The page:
The college scam

It’s actually worse than you probably think:

Hickey got caught in an increasingly common trap in the nation’s $85-billion student loan market. She borrowed heavily, presuming that all her debt was part of the federal student loan program. But most of the money she borrowed was actually in private loans, the fastest-growing segment of the student loan market. Private loans have no relation to the federal loan program, with one exception: In many cases, they are offered by the same for-profit companies that provide federally funded student loans…. Whereas federally guaranteed loans have fixed interest rates, currently either 6% or 6.8%, private loans are more like credit card debt. Interest rates aren’t fixed and often run 15% or more, not counting fees.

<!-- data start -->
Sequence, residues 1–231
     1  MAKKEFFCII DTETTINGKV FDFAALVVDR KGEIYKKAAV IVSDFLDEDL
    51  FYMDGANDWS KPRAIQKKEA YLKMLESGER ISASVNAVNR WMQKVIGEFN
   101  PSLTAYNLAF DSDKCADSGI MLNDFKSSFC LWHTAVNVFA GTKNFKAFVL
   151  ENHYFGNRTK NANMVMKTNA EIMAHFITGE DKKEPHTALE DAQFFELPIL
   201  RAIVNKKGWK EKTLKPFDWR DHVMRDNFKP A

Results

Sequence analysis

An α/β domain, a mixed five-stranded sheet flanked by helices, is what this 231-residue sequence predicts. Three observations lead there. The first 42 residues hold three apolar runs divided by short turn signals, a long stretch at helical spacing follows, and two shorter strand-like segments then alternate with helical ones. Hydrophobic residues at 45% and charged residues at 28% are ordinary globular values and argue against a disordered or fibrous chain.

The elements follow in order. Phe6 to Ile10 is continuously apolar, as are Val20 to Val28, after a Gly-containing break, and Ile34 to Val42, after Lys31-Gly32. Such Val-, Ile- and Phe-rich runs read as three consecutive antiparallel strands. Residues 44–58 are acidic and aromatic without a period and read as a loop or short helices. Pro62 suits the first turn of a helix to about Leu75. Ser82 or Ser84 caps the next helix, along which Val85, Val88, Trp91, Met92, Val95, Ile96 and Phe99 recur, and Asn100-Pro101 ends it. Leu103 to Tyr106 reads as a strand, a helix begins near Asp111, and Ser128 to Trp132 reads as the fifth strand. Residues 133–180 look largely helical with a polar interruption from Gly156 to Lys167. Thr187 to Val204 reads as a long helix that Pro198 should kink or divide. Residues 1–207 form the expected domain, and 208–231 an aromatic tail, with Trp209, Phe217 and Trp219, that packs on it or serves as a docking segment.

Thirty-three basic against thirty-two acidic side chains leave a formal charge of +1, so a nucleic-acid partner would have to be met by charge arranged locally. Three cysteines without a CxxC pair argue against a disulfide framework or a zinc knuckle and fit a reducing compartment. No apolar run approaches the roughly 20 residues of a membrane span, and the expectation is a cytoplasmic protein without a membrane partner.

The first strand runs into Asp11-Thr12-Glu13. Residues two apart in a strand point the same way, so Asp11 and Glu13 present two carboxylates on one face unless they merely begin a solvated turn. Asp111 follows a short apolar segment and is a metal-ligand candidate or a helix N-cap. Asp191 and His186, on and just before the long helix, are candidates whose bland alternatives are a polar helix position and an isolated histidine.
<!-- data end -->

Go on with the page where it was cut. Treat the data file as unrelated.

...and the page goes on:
It might make sense to go $140,000 into debt if you’re getting a law degree from an Ivy League school or a medical degree. It probably isn’t worth it for a postgraduate science degree or an MBA, at least not in the present economic environment. But how could any advisor possibly recommend that kind of debt for an undergraduate photography degree. If one assumes that the degree is worth an additional $15k per year to the young woman, then it’s going to take about 14 years for her just to break even, assuming that she doesn’t get married, have kids, or spend any time unemployed.

The bizarre idea that the value of a college degree is incalculable is downright cretinous. It’s important to recognize that such values are not only calculable, they are calculated in detail by the many institutions that sell college degrees and the various parasitical organizations that live off the proceeds of encouraging those transactions. Unless your degree is going to lead directly to a six-digit salary, it’s almost definitely not worth going into debt to buy it.